Aug 17, 2019 | Updated: 07:24 AM EDT

Fraunhofer Institutes Looking to Mass Produce Textile-Based Solar Cells

Aug 13, 2019 05:58 AM EDT

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Fraunhofer Institutes and their partners have been looking to increase the market for the textile industry and this led them to the development of textile-based solar cells that they wish to produce in a commercialized scale in the future.

According to Dr. Lars Rebenklau, group manager for system integration and electronic packaging at the Fraunhofer Institute for Ceramic Technologies and Systems or IKTS, there are already a number of methods that allow for incorporation of solar cells in coatings applied to textiles.  But, Dr. Jonas Sundqvist, group manager for thin-film technology at the Fraunhofer IKTS, says that even though that sounds easy to do, there are several factors to consider as they state in a report

One, is that the machines currently used in the textile industry are designed for large rolls of fabric that are about five to six meters wide and up to 100 meters long.  Another factor to consider is that during the coating process, the materials must be able to withstand a high temperature of about 200 degrees Celsius.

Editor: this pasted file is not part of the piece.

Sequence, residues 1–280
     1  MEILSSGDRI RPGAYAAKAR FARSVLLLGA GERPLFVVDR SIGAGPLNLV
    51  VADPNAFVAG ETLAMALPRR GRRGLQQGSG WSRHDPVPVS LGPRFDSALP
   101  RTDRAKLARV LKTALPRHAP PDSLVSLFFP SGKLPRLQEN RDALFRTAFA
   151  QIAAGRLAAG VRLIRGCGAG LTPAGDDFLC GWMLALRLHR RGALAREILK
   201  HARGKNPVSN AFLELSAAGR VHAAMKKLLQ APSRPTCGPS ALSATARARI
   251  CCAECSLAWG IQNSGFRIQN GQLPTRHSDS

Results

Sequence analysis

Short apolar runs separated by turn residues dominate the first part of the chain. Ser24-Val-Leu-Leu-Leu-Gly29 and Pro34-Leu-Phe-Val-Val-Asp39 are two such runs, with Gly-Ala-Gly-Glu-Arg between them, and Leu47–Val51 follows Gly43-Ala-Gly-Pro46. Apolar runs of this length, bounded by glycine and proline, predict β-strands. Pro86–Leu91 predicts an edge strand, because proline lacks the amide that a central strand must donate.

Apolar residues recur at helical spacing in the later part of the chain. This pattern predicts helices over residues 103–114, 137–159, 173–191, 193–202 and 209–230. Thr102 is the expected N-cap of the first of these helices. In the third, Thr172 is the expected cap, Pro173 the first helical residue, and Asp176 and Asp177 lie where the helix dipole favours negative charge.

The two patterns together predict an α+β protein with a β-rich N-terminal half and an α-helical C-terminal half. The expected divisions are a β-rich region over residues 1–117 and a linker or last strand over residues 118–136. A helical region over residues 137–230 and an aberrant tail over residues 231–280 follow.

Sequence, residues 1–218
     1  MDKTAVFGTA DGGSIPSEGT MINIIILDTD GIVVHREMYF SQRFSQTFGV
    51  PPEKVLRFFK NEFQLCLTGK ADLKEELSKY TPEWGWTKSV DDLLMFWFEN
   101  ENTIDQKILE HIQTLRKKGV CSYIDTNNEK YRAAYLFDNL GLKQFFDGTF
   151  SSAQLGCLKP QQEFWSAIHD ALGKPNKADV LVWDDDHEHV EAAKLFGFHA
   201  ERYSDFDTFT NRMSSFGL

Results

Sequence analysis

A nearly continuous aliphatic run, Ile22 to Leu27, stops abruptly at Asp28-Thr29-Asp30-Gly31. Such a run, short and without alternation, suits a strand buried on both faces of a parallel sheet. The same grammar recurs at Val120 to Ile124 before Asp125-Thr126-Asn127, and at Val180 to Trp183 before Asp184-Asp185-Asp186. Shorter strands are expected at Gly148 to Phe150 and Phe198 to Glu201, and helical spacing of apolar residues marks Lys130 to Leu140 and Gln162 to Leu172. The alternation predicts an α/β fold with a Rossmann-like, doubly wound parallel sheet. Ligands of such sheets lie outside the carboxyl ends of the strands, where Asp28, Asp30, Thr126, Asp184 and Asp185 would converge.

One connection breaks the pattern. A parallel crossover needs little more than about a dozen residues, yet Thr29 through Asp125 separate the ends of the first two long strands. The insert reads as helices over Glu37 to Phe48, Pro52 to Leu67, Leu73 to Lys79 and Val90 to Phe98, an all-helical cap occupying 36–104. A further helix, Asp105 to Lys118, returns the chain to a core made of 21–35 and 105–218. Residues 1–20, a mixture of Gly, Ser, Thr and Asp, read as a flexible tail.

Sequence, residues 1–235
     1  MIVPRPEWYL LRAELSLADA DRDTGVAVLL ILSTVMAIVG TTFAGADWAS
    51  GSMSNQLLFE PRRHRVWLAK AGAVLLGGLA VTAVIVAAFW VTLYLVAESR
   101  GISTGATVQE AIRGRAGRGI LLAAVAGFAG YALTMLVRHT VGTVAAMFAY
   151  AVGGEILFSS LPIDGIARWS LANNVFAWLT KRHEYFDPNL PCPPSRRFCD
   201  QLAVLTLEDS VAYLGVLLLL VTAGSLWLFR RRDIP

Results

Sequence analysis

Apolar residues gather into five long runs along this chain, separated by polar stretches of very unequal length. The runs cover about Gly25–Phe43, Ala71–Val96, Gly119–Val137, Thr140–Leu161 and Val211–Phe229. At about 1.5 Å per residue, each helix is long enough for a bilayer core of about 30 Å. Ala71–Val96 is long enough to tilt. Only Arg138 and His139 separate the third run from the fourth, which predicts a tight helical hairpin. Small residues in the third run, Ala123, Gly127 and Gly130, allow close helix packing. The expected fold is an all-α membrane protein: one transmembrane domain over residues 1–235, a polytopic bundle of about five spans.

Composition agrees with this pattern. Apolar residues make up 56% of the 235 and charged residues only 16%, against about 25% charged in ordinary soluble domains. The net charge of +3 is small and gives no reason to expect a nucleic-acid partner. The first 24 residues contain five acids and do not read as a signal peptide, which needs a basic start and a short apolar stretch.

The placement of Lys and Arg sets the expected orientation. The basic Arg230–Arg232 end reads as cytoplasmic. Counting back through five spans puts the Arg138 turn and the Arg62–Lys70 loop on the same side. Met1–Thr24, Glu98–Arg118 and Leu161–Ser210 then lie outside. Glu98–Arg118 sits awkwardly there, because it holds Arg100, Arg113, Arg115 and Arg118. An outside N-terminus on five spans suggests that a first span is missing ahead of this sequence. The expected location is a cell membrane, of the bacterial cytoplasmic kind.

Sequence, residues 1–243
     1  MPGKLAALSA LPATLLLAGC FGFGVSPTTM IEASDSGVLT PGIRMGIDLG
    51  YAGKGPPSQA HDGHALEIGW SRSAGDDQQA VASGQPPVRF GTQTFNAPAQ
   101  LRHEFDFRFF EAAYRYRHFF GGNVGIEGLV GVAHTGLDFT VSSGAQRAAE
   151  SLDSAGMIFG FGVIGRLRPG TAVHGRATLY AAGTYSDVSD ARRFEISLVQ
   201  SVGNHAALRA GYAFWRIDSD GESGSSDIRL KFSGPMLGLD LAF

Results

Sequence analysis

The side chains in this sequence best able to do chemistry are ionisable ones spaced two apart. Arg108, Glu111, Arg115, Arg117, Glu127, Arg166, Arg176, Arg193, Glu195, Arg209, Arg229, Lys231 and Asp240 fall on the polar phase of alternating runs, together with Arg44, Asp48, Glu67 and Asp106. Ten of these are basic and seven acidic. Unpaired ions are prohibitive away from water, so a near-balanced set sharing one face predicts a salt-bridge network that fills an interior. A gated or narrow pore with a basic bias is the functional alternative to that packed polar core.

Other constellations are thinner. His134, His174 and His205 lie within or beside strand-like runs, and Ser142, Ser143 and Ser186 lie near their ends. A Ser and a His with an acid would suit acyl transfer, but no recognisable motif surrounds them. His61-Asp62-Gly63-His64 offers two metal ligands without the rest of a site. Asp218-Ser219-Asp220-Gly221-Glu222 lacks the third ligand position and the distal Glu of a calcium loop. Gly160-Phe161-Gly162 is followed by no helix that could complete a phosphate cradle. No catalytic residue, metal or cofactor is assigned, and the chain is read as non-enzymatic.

In terms of reliability of the material, it must be able to meet fire regulations and have a high tensile strength.  And in terms of cost, it must be cheap to produce before they can say that the product can be mass-produced.  The number of demands of the aspired product has brought together Fraunhofer and its partners together to work on the PhotoTex project.

Another challenge is how flexible textiles are compared to ordinary electronic devices.  In order to apply a wafer-thin bottom electrode, the photovoltaic layer, and the top electrode onto the fabric, the researchers used the method of transfer printing to apply an even layer on the surface of the fabric.  A standard production technique called the roll-to-roll method was also used to incorporate the two electrodes made of electrically conductive polyester into the fabric.  And the solar cells were laminated to further add protection and robustness.

As of now, the product has an efficiency range of 0.1 to 0.3 percent and although the efficiency is currently low, Rebenklau says that what they have produced right now is already able to demonstrate the basic functionality of the textile-based solar cells.  The next step to their research is to focus on increasing this efficiency to over five percent.

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